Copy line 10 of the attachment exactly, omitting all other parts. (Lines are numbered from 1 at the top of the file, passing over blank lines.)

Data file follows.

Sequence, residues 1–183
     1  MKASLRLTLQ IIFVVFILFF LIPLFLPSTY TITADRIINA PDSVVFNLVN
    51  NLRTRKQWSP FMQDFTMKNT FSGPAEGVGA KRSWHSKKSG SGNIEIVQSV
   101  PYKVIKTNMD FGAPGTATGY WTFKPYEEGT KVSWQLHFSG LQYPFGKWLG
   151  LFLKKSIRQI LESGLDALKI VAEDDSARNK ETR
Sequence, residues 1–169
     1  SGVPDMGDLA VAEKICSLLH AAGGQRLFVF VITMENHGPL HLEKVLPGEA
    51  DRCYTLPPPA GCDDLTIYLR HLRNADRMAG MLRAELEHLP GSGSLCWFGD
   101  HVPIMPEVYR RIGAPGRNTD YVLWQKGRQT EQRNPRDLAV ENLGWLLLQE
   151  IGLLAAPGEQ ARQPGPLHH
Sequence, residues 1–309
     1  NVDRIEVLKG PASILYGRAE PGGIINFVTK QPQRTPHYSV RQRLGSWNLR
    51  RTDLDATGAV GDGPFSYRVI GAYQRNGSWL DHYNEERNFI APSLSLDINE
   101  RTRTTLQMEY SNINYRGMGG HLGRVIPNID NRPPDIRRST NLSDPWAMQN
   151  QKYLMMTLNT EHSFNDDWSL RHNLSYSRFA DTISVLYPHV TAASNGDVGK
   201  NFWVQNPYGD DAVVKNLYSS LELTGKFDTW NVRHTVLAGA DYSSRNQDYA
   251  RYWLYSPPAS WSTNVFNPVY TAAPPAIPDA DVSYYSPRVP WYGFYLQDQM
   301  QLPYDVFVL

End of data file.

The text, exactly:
   151  IGLLAAPGEQ ARQPGPLHH